A nature reserve just 26km from Kusadasi, this is the best place for swimming, walking, and picnicking. It encompasses four beaches and houses over 30 animal species, including the Anatolian leopard. While overnight camping is not permitted in the park, Dilek offers daytime canyon hiking (6km from entrance gate), sandy beaches (İçmeler beach, 1km from the gate, the “first beach”), and sand-and-pebble shores (Aydınlık beach, 5km from the gate, the “second beach” and Karvaki beach, 7km from the gate, the “third beach”). Don’t leave without seeing Zeus Mağarası (Zeus’s Cave), opposite the sea, 100m outside the park entrance. Once rumored to be the site of hidden treasure, the cave is full of water bubbling up from the ground. (Park open daily 8am-7:30pm; extended hours in July-Aug.; off-season 8am-6:30pm. $.80 per person; $1 per motorcycle; $2.80 per car. Dolmuş run from Adnan Menderes and the otogar every 15min. beginning 7:30am, $1.15.)


A trip to Kusadasi would be incomplete without a visit to Güvercinada (Pigeon Island), the jutting peninsula that is home to Kusadasi’s name sake. Explore the 14th-century Genoese castle, which was converted into a military outpost by the Ottomans in the 19th century, and enjoy a glass of çay at any of the various tea houses. (A 10min. walk from the tourist office with the sea on your right.)


The nighttime music and madness of the appropriately named Barlar Sok. (“bar street”) spills out into streets so brightly lit, it might as well be daytime. The side streets behind the PTT are home to a host of roofless bars featuring live European and Turkish rock. The combination of dozens of discos and no weekday cover charge makes for easy club-hopping.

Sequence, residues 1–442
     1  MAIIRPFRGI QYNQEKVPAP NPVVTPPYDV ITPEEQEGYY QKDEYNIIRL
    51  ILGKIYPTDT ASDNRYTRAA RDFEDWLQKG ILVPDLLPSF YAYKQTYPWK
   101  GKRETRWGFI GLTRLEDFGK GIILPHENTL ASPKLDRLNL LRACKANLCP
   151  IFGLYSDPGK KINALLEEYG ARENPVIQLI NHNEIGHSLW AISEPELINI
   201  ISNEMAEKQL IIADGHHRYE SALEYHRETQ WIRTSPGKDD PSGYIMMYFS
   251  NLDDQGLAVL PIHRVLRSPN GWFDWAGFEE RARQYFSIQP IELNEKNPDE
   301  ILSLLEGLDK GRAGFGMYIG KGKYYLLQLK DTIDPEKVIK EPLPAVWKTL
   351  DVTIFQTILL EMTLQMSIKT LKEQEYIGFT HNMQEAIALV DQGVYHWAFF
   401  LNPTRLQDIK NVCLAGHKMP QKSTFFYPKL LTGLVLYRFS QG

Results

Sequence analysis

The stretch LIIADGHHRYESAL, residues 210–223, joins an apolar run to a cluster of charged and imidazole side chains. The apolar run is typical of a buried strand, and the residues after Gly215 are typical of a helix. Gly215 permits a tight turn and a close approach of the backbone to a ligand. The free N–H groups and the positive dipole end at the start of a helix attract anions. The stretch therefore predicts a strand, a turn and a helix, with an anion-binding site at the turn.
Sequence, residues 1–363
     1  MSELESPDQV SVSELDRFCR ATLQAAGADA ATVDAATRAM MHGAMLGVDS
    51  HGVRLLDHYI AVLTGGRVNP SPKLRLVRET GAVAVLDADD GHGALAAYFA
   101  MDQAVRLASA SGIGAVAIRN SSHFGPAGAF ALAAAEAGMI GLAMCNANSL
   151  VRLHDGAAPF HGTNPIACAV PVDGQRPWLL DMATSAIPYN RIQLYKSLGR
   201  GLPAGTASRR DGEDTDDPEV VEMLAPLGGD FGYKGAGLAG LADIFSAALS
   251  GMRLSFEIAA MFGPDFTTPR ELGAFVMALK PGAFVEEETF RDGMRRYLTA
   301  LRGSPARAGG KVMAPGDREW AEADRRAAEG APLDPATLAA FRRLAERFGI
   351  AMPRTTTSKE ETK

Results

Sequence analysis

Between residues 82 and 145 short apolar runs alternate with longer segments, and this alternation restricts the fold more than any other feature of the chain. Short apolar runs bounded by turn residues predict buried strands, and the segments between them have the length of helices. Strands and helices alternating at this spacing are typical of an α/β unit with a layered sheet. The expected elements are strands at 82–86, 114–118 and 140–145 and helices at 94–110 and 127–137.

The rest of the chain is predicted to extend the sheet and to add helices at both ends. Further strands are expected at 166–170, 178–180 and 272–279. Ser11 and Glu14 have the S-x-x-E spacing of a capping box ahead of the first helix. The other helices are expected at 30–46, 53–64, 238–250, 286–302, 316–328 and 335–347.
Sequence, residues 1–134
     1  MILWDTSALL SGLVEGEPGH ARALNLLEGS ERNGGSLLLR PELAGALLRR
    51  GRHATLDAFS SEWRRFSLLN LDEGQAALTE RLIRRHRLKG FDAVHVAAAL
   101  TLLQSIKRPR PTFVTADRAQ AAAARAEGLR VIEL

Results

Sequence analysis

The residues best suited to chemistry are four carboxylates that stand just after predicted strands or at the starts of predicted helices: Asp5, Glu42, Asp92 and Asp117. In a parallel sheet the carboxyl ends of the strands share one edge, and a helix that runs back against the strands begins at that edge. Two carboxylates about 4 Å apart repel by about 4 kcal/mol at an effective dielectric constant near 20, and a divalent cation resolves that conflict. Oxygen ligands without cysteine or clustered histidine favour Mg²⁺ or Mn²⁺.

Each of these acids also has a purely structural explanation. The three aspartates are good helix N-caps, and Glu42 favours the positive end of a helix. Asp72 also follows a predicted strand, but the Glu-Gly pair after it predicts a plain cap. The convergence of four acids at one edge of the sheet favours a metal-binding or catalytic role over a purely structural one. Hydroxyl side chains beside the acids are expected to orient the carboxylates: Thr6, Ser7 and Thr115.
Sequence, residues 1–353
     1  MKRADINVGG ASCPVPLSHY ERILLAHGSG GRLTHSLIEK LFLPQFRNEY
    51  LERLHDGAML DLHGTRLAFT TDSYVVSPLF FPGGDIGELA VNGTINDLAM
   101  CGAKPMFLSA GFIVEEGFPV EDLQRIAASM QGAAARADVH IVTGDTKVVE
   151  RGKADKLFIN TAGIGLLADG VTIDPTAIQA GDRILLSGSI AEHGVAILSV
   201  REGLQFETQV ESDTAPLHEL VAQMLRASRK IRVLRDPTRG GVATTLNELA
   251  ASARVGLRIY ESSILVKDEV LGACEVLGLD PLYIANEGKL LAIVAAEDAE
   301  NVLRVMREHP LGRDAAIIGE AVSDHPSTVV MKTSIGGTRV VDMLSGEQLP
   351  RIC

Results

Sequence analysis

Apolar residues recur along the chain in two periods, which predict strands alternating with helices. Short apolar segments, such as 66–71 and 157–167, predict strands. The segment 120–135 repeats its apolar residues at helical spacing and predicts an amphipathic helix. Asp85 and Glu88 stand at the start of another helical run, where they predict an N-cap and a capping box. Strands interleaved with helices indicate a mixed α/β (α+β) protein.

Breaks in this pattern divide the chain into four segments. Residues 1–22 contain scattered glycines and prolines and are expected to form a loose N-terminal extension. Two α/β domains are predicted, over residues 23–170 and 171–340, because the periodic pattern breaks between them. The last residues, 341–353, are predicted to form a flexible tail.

Heaven, 13 Sakarya Sok. (613 24 56), behind the PTT. One of the largest, most popular music clubs. Decorated in mock-Roman style with vines, columns, and a few authentic artifacts, Heaven blasts live Turkish pop in its open-air courtyard every night from 1-4am. Beer $2.80; cocktails $5.60. Cover $6.40 F-Sa, includes 1 domestic drink. Open May-Sept. daily midnight-4am.

Hoppa Club, 15 Tuna Sok. (614 98 74), behind the PTT. Another Roman-style bar with columns and statues. Live nightly music (l-4am) in a more intimate setting. Beer $3.20; cocktails $4.80. Cover $8 F-Sa. Open daily 10pm-4am.

Ecstasy, 8 Sakarya Sok. (612 81 90), across from Heaven. A disco with sleek decor and plenty of polished steel. “Underground” music along with videos on a large screen. Beer $2.40; rakı $3.20; mixed drinks $5.60. Cover $6 F-Sa, includes 1 domestic drink. Open daily 10pm-4am.

Another Bar, 10 Tuna Sok., behind the PTT. A crowded disco with tables amid trees in a roofless courtyard. Live groups perforin nightly llpm-lam, followed by DJ spins until 4am. Beer $2.40; cocktails $4.80. Cover F-Sa $8. Open May-Sept. 10pm-4am. Jimmy’s Irish Bar (s612 13 18). The first bar on the right on Barlar Sok. The best of several Irish bars in town, Jimmy’s fills even in the afternoon when the competition is dead quiet. Wait until lam for partiers to dance on the tables. “Sheep Brain” (Archers, Grenadine, and Baileys), “Sperm of Barmen” (Archers, Baileys, and Vodka), and other mixed drinks $4; cider $2.80; Large Efes $2.40. Open daily 8pm-4am.